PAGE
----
“Is it worship when it's done in a temple built by convict labour?” I cannot help the thought, reading the plaque in the nave of the cathedral. “Inappropriate question,” I tell myself, and turn my gaze to the stained glass windows. Bright light has bleached the colors. Four, five believers sit in the pews, praying, while a half dozen photographers prowl the aisles, hunting for the singular shot. One among them is focused on the patterned hassocks.
The St. Andrews Cathedral is near the northwestern edge of the Padang. It is promoting an evangelical course — the Alpha Course — on posters headlined with the exhortation “Explore,” with other words: “Life,” “Faith,” “Meaning.” A young woman is featured, walking out into the world wearing a rugged backpack. “Aren’t Explore and Faith antithetical?” I ask myself. And I say, “Shut up.”
I wander, and take a few pictures. Soon, I get looks from a pair of cameramen with two DSLRs each hanging down their necks. They want the spot I’m on. They glance at my hand phone, and I at their shin-length slacks and the tie-strings jutting out their hems. I move in the direction of the best equipped man there, a Japanese in a khaki vest who has three cameras, who is shooting with the iPhone as well. I smile; he bows; his dead-serious face doesn't change expression.
The Cathedral was originally designed by George Coleman. Its present form was built by Indian convicts in 1861. It is a lean, tall, lovely building, and I’d love to stay in the cool of it — but to the streets I belong.
Going south alongside the Padang, on St. Andrews Street, there’s on my right the National Gallery. One part of the Gallery used to be the Supreme Court, the other part the City Hall. The buildings have been ceded to a higher purpose, to the arts. The new avatar is a tasteful makeover, a fitting home of the arts.
The stairs before the Gallery are taken by a crew of guest-workmen who have set up a rig on them, rendering the front no more photogenic. The tourists have moved to the far edge of the building, so as to keep the steps off their photo composition.
These are hallowed steps. Here's where General Seishiro Itayaki surrendered to Lord Mountbatten at the end of the War. (General Thimmaiah, the Indian, was present.) Standing on these steps, in 1965, Lee Kuan Yew declared Singapore’s independence.
I come round the Gallery, and there’s the Supreme Court a short distance back, stern and strange with a concrete flying-saucer on top. And a few steps further, there's a compact white neoclassical, with a petite black elephant on a high pedestal before it. This is the Arts House. The elephant is a gift from King Rama of Thailand, made at the time of his visit to the island in 1871. The Arts House used to be the Parliament House until 1999, when the parliament moved to a larger accommodation right across. I cross the street where I shouldn’t, toward Parliament Building, feeling guilt about being bad in this proper city.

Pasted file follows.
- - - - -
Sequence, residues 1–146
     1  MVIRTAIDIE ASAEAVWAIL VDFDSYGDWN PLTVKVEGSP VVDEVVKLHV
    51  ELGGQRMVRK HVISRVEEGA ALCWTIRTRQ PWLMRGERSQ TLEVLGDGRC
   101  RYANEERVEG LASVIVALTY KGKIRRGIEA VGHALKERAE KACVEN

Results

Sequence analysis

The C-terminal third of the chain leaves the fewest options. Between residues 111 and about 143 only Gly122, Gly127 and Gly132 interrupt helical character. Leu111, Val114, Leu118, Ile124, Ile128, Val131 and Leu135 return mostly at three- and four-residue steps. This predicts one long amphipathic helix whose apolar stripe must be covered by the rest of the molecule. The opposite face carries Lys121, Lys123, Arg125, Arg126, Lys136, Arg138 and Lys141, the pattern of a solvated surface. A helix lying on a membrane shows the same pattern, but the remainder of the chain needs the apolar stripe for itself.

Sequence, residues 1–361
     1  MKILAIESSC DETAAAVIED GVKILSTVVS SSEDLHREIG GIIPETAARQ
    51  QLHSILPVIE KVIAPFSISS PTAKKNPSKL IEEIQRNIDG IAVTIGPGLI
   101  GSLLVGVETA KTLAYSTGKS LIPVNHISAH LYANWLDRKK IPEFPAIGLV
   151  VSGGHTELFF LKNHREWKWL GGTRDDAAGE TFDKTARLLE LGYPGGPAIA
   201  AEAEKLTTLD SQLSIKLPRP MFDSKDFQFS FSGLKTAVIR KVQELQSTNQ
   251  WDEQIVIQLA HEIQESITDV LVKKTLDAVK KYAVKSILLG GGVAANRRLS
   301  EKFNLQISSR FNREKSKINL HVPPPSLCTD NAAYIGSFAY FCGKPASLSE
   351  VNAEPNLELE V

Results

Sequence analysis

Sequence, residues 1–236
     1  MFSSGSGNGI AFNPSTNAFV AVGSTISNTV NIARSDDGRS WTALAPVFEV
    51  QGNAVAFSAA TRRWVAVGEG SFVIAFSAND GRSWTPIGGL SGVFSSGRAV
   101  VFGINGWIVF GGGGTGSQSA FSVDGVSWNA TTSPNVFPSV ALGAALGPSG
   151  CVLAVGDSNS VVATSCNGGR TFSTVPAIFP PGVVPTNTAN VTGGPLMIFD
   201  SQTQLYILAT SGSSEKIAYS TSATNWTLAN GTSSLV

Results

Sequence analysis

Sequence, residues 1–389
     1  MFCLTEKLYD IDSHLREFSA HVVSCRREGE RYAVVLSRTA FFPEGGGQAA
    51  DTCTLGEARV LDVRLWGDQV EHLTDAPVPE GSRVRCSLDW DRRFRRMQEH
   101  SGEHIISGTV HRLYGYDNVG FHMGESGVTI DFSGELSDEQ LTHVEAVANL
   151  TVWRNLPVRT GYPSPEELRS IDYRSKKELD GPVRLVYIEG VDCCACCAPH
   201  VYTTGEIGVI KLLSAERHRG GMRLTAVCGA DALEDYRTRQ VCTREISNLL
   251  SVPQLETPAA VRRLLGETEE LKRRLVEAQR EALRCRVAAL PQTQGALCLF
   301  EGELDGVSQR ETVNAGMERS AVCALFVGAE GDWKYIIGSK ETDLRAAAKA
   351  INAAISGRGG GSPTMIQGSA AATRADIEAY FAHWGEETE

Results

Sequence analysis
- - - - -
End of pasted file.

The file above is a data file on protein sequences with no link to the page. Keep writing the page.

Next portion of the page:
There’s nobody around the Parliament House, just another crew of guest-workers with a Chinese supervisor, attending to the gutter before the porch. The building tends toward a corporate-style, emphasizing function over everything else. It stands by the Singapore River, and there I sight scattered tourists. I climb down to the promenade and lean on the rails. The first tourist boats are out. After a while, the statue of Raffles lures me from a short distance out. The statue has changed somewhat.
They've painted zebra stripes on Raffles’s front. I try different angles to make a good picture. A local Chinese holding a Fujifilm comes up. He points to a marker on the ground. Seen from there, the black stripes on the statue align with the horizontal lines of the OCBC Bank building on the far bank. Raffles is now one with the building — a surreal illusion, a pleasant one.
I follow Raffles’s gaze and am soon before the Asian Civilizations Museum. This one’s a beauty, and it is in a fine spot before the Cavenagh Bridge and the Singapore River. The tourists love it, you can tell by the numbers. Many of them are on the lawns before the museum, catching on camera their reflection in three silver globes there. A half dozen Germans pass me, see how they can fit all in one compact composition on the spheres, and begin to contort themselves into many forms.
This is a lovely sprawl I’ve arrived in. There’s the Victoria Theatre on the next lawn. An all-black stage is taking shape for a concert coming up before the theatre, and men are dusting and laying green sheets on the grass front of the stage. There before the porch stands the original bronze statue of Stamford Raffles, looking from a height toward the river whence he arrived, a slick young man much revered by free Singaporeans, ever grateful to him for founding their island nation. There cannot be a statue of old man Raffles — a brain tumor brought him down at age 45.
And there’s an obelisk too, a high white one for Marquess Dalhousie who visited Singapore mid-nineteenth century. Anything for Dalhousie wouldn’t find favor back home in India, where he was Governor General, and where with his invention — the Doctrine of Lapse — he deftly extended Empire.
The lawns of the Theatre yield to the long narrow Esplanade Park. Here a pagoda in Italian marble marks the martyrdom of Lim Bo Seng, who led the resistance to Japanese occupation in the Second War. He was tortured and killed at age 34, in 1943. A Cenotaph middle of the park commemorates Singaporeans killed in the First War. I pass the memorials without approaching them, noting that Singapore made its share of sacrifices during the two Wars.
At the edge of the park stands the Tan Kim Seng Fountain. If shrunk, it would be a fine adornment on any mantelpiece. Three South Asian workmen in blue overalls are washing and scrubbing the blue-white thing to a shine. I’m not sure if it’s all right to take a picture, because the workmen are going to be in it, but I shoot anyway.